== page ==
Independent Projects: Mathematics majors have the opportunity to pursue independent projects and conduct research. Some students recently involved are:
Alexis Preheim (Math/Secondary Education, 2013): Alexis read a published journal article on creating inquiry based activities from standard textbook problems, and created her own example. In the process she explored the area of Inquiry Based Learning and learned how to use interactive geometry software (Geometer’s Sketchpad).
Michael Arhndt (Math): Michael read a published research article on an algorithm for computing a matrix with a given sign pattern. He prepared an expository talk with an example of the algorithm and an application to a practical problem.
Trent Anderson (Math/Physics/Chemistry, 2011): Trent used modeling software (STELLA) to construct a model of a disease spreading on a college campus. He was able to use the model to quite accurately represent the fall 2009 H1N1 outbreak on the Augustana campus. Trent presented his work at the Augustana Symposium in April 2011. Heis currently pursuing graduate studies in chemistry at NDSU.
Nicole Winkler (Math, 2011): Nicole produced mathematical models of swarming in one and two dimensions. Her model is based on behavioral characteristics of the swarming organisms which explain swarming behavior. Nicole traveled to California to present her results in the spring of 2010. She is currently employed with a national firm working in actuarial science.
Peder Thompson (Math/English, 2010): Peder read a published journal article on the use of interactive algebra software as a tool to aid in 2-dimensional visualization of binomial inequalities. He wrote a paper expanding the work to trinomial inequalities. Peder presented his work at Math on the Northern Plains, an undergraduate research conference, in the spring of 2010. He is now a graduate student in mathematics at UNL.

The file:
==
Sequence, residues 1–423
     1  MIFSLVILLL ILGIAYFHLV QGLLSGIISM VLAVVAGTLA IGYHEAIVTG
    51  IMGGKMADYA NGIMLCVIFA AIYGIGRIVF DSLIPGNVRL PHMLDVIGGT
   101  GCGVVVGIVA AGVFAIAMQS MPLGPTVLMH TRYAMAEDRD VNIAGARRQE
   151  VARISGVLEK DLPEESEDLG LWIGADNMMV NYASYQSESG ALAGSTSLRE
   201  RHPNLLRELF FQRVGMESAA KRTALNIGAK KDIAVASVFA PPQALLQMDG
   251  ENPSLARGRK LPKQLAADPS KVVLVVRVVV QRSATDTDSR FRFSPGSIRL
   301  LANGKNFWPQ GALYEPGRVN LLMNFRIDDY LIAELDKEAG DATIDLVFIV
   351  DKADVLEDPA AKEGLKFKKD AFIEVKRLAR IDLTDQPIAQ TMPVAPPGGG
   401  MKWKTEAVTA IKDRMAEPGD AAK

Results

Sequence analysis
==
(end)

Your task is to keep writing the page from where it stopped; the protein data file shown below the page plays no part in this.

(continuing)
Facilities: The math department has a number of facilities available to students.
The mathematics hallway serves as a hub of activity in our department. When it’s not being used for a class, you’ll find the seminar room an invaluable resource in your study—whether it be for the bound copies of Mathematical Reviews going back to the original issues of 1940—or simply to get help from faculty and fellow students who study there. In addition, the Mikkelsen Library holds more than 17,000 volumes of books and journals on our subject, and we have access to much more material electronically and through interlibrary loan.
The dedicated PC lab in the Gilbert Science Center is open many hours every day. The department's central office also houses three computers specifically for use in student research projects.